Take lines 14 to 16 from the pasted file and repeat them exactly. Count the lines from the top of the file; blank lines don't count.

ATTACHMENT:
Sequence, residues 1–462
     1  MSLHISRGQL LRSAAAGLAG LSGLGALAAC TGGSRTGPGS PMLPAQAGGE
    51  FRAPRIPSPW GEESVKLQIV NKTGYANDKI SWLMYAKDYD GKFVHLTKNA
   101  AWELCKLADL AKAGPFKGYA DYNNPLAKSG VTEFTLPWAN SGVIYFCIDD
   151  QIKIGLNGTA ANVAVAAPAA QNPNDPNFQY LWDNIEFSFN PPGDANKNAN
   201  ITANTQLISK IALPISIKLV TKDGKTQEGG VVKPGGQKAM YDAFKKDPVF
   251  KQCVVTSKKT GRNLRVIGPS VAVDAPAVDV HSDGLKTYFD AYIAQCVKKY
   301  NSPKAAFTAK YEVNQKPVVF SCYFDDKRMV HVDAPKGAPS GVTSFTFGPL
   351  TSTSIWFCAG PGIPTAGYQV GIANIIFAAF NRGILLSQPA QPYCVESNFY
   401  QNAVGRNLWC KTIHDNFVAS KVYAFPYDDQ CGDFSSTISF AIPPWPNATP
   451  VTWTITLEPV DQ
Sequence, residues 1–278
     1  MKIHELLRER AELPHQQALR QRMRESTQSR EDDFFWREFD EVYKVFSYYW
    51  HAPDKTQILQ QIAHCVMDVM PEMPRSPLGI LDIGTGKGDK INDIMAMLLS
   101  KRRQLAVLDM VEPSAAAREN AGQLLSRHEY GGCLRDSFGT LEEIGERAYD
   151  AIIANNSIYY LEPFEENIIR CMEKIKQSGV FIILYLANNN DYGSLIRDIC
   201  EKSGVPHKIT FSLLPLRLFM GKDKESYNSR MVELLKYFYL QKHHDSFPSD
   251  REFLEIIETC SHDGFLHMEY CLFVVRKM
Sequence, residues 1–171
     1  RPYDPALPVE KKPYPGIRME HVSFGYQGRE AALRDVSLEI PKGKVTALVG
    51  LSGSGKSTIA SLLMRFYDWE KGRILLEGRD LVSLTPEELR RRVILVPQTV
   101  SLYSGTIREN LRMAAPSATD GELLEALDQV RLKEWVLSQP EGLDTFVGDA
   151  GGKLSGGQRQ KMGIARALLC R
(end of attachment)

    51  HAPDKTQILQ QIAHCVMDVM PEMPRSPLGI LDIGTGKGDK INDIMAMLLS
   101  KRRQLAVLDM VEPSAAAREN AGQLLSRHEY GGCLRDSFGT LEEIGERAYD
   151  AIIANNSIYY LEPFEENIIR CMEKIKQSGV FIILYLANNN DYGSLIRDIC